Monthly Archives: December 2017

Portraits of the Ladies

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Rereading “Portrait of a Lady” because I want to read “Mrs. Osmond,” its sequel of sorts, written some 150 years later by John Banville. How I quickly fell under the spell of James and his formal, precise language. There’s nothing loose or modern or elliptical about his prose in “Lady.” It’s as if James was tasked with telling the story as accurately and as plainly as possible and he does so in the unaccented voice of a vicar.

Here’s a lovely turn of phrase from the preface, about James’ experience of writing “Lady” when he found himself “ … in the fruitless fidget of composition, as if to see whether, out in the blue channel, the ship of some right suggestion, of some better phrase, of the next happy twist of my canvas, mightn’t come into sight.”

He goes on to lament the city he chose for his “composition,” Venice, as too rich with romantic and historical sites that are also too steeped in their own specific significance. Switching to the third person, he feels wrong in “yearning toward them in his difficulty, as if he were asking an army of glorious veterans to help him arrest a peddler who has given him the wrong change.”

And that’s just the preface! My reading and viewing this season has been backward-looking, to a more civil place and time: “The Crown,” “Alias Grace,” “Emma Brown” “(picking up, again a century or so later, on a half-finished Charlotte Bronte novel), “Bleak House” (produced by the BBC, streaming on Netflix) and “Death Comes to Pemberly” (P.D. James’ continuance of the story of Elizabeth Bennett and Mr. Darcy). Come to think of it, all of these are about strong but economically disadvantaged women. Except for “The Crown’s” Queen Elizabeth who has so many other crosses to bear (including that horrible husband of hers).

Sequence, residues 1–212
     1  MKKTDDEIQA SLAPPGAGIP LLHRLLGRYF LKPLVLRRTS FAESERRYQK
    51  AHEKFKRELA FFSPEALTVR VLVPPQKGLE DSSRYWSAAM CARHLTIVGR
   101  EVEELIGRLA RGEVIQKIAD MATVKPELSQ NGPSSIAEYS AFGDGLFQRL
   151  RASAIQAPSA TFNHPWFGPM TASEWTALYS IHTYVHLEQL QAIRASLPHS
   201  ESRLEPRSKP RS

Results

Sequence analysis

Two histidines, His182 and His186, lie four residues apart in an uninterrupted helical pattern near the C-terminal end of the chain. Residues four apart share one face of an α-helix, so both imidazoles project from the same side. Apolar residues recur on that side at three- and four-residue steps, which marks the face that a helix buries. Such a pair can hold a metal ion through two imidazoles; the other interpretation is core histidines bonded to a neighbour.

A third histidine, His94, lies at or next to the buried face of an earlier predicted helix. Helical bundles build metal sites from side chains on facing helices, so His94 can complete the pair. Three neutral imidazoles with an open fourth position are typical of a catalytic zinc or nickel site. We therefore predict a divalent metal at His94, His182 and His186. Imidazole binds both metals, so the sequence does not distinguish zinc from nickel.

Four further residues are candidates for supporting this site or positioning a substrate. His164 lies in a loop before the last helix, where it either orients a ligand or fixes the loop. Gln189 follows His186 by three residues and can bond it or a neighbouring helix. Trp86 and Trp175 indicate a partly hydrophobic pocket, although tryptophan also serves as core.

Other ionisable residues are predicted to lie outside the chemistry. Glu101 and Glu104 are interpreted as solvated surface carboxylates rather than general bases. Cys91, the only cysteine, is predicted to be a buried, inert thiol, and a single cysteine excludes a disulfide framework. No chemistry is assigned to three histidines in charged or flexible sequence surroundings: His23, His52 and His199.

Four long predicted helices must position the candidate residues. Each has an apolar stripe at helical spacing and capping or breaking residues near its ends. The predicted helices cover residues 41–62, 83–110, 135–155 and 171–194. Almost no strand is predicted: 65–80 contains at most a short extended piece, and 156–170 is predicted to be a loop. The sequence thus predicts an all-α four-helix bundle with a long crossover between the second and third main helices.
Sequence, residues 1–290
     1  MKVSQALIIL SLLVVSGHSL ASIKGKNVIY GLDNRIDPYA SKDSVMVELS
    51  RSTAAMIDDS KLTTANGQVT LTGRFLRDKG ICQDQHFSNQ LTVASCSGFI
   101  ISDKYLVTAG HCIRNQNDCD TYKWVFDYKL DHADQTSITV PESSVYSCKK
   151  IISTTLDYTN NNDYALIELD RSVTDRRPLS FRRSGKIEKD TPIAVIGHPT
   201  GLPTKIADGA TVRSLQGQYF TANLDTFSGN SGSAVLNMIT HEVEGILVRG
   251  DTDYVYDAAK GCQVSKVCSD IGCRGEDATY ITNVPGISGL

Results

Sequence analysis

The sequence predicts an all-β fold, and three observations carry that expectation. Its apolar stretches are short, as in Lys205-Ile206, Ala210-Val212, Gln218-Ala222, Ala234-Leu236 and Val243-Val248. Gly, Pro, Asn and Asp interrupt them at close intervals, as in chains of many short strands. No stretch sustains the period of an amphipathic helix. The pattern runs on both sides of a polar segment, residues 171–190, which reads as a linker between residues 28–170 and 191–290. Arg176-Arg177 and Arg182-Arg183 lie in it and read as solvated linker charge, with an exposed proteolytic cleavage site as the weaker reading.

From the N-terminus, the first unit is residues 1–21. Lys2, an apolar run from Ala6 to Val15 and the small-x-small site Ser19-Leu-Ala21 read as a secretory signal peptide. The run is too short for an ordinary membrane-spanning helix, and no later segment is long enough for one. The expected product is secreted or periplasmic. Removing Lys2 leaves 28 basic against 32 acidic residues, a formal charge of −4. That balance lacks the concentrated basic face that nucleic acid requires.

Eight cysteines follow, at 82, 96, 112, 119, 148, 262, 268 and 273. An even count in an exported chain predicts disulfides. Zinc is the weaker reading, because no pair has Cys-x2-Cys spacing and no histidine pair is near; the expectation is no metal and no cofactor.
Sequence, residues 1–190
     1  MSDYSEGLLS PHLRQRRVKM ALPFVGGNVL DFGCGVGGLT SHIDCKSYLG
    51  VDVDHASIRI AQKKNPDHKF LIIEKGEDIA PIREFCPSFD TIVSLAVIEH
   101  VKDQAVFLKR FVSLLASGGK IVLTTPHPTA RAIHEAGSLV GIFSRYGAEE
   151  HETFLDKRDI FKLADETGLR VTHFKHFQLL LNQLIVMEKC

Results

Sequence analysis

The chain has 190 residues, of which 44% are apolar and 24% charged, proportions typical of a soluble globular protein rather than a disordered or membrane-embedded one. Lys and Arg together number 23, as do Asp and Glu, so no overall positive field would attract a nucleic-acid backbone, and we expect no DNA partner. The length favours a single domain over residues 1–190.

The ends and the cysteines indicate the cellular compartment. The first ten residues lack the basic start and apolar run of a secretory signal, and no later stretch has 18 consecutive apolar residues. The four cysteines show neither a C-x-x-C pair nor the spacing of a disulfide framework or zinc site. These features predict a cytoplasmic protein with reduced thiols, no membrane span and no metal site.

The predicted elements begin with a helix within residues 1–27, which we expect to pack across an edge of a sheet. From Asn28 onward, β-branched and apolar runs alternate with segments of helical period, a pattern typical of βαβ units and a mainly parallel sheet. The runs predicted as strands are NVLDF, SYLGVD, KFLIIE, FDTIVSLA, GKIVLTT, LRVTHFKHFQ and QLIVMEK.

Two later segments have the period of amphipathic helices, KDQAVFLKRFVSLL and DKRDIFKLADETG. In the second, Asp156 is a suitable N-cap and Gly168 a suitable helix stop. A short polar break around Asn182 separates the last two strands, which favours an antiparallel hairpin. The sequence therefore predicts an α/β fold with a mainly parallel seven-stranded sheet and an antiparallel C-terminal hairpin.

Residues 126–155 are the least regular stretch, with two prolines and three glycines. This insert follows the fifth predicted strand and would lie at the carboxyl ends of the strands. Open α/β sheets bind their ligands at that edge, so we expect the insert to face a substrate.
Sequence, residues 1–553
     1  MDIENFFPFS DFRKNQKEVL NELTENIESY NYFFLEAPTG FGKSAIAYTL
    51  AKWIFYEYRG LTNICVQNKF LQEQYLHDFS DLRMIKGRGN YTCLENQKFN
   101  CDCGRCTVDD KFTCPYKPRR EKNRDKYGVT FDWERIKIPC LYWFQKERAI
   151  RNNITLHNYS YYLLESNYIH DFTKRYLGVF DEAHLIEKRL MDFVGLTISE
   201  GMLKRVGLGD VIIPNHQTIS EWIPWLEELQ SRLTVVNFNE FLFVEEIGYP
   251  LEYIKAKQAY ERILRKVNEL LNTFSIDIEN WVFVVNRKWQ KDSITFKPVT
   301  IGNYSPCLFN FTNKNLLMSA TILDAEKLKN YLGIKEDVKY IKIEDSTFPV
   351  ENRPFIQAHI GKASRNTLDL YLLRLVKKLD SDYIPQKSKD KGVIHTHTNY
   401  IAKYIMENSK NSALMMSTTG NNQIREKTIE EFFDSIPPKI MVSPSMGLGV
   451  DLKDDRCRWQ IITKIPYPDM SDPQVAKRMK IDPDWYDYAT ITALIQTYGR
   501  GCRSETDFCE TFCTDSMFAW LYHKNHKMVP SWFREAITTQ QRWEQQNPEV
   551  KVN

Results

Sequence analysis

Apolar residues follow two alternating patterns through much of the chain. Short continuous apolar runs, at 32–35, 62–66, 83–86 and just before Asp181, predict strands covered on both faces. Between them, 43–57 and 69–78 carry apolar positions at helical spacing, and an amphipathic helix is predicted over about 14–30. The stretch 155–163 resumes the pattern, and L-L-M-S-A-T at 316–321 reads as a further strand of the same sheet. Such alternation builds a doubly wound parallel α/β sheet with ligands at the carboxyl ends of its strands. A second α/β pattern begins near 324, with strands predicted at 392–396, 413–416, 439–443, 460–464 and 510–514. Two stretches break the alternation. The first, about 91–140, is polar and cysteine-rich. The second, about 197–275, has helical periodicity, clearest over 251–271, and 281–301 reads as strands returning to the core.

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Merry Christmas

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The most striking images over yet another politically contentious weekend came from Pensacola, Florida, where Trump was campaigning for Roy Moore, an accused pedophile and candidate for a Senate seat in Alabama, some 30 miles away. (Why the coy choice of an out-of-state rally? No idea, but so much doesn’t make sense these days that I didn’t bother to try to understand it.)

“Merry Christmas” read the signs hoisted by Trump’s supporters, who were also clad in Christmas garb. Trump took the stage with that same emphatic greeting, congratulating himself and the sanctimonious souls in attendance for their “making it safe” to say Merry Christmas. He—and they—believe it’s overly PC to say “Happy Holidays” and/or assume everyone they’d ever meet, or care to meet, would Christian.

To put such a fine, fine point on “Christmas” and to use it to insult non-Christians and, more to the point, the kinds of liberals who tend toward “holiday” greetings struck me as aggressive—a sarcastic, bigoted perversion of both Christmas and Christian principles.

Aggression in America, then, as a follow up to my thoughts on “anger in America.”

On Sunday, I bought narcissus bulbs at a garden shop owned by a man from Lebanon. “Merry Christmas,” he said, as did the cashier and the salesperson in the aisle. Sorting out matters of religious identity can’t be easy for a Lebanese Christian. But after the Trump rally, I felt suspicious of their well wishes.

“Happy Holidays,” I replied. A little bit aggressively.

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